The Attorney General of the Federation, Abubakar Malami, SAN, says the deployment of a virtual court sitting technology in Correctional facilities will ensure speedy dispensation of Justice and decongest custodial centres in the country.
Malami said this at the launch of the nationwide pilot project for the deployment and use of Virtual Court sitting facilities at the Kuje Correctional Centre, Abuja on Monday.
Newsmen report that the project was fully funded by the UNDP, with funds from the government of Japan supporting an inclusive and multi-sectoral response to COVID-19 and addressing socio-economic impact.
He said the project was initiated to ensure the hearing and determination of urgent and time-bound cases using the digital platform.
“This system would equally ensure speedy dispensation of trials in line with section 36(4) of the Constitution of the Federal Republic of Nigeria, 1999 (as amended), which provides that every person shall be entitled to a fair hearing within a reasonable time.
“It would also eliminate the issue of difficulties in conveying the inmates to court and would further ensure the safety and security of the inmates and law enforcement officers.
“We will no longer be constrained by mobility, space and time in the justice delivery with the virtual court sitting facilities and deployment of incidental technology.
Malami noted that the Nigerian justice system is founded on the constitutional principle of fundamental rights to fair hearing which requires the court to hear and determine cases in public or without the physical presence of the suspects or parties in court.
Also speaking, Mrs Leticia Ayoola-Daniels, Acting Director Administration of Criminal Justice and Reforms Department, Federal Ministry of Justice expressed hope that virtual court facilities will feed into the already existing virtual court sittings.
Ayoola-Daniels, who is also the Secretary of the Presidential Committee on Correctional Reforms and Decongestion, noted that the project would fast track dispensation of court cases while saving costs on security and mobilization of accused persons.
Contributing, Mr Lealem Dinku, the UNDP Nigeria Country Representative in a goodwill message said the programme was designed to support the court system to accelerate the hearing of most urgent cases.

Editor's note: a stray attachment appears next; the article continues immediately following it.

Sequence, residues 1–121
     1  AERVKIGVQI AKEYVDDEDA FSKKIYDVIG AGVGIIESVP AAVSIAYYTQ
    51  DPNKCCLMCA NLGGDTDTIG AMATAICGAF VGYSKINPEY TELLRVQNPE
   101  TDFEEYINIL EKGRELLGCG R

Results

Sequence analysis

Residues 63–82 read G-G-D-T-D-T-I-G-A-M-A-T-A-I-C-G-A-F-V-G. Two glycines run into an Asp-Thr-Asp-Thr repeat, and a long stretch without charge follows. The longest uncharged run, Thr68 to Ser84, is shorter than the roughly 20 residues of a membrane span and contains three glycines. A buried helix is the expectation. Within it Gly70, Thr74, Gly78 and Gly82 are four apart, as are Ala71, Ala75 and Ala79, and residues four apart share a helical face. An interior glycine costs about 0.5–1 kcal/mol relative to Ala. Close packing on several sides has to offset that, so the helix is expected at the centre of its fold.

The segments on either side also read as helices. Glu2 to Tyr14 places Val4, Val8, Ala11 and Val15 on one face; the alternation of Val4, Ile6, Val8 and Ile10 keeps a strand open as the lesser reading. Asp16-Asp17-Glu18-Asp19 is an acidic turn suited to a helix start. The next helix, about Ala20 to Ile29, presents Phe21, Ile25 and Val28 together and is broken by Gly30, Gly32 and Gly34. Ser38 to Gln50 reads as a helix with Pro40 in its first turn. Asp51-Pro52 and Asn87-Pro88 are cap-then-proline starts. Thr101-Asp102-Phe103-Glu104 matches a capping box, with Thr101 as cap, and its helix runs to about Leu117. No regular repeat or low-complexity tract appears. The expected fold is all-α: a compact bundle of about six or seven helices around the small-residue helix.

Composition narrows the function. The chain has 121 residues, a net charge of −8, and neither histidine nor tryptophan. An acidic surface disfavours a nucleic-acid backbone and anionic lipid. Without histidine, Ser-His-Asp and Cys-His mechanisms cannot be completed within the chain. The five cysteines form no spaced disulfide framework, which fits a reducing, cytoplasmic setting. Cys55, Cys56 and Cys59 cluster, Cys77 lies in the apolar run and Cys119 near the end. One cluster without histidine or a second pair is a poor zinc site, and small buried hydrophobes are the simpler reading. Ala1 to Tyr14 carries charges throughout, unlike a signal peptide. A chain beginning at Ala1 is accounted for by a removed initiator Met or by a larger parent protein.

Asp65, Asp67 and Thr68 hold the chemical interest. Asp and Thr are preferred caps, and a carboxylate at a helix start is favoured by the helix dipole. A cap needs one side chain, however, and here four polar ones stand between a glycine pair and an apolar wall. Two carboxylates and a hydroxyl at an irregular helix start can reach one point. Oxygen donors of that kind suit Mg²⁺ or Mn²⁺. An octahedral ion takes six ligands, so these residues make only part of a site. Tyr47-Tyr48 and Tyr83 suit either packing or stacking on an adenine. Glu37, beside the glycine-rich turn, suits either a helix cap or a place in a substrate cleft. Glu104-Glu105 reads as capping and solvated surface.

“Cases like Sexual and Gender-Based Violence, Harmful Practices, Sexual and Reproductive Health and Rights, Violence against Women and Girls civil and other criminal cases.
Dinku added that the project will help to reduce the backlog and the time spent in pre-trial detention while also helping to reduce administration and operational costs.
The Minster of Interior, Rauf Aregbesola, in his speech called for inclusion of terminal dates in the administration of justice act for quick dispensation of justice in the country.
Aregbesola urged his counterpart in the ministry of justice to liaise with the Chief Justice of Nigeria to speedily work out terminal dates for different cases to help reduce prison congestion in Nigeria.
He expressed regrets that many of those in the custody stayed longer than the prescribed period of terms by the law.
Newsmen also report that the highlight of the event was the release of 15 inmates with minor offences with an option of fines.
The fines were paid by the committee and their releases effected
Dignitaries at the occasion were the Federal High Court Chief Judge, Justice John Tsoho, FCT Chief Judge, Justice Ishaq Bello, Ambassador of JAPAN, MATSUNAGA Kazuyoshi, Controller-General (NCS), Mr Haliru Nababa among others.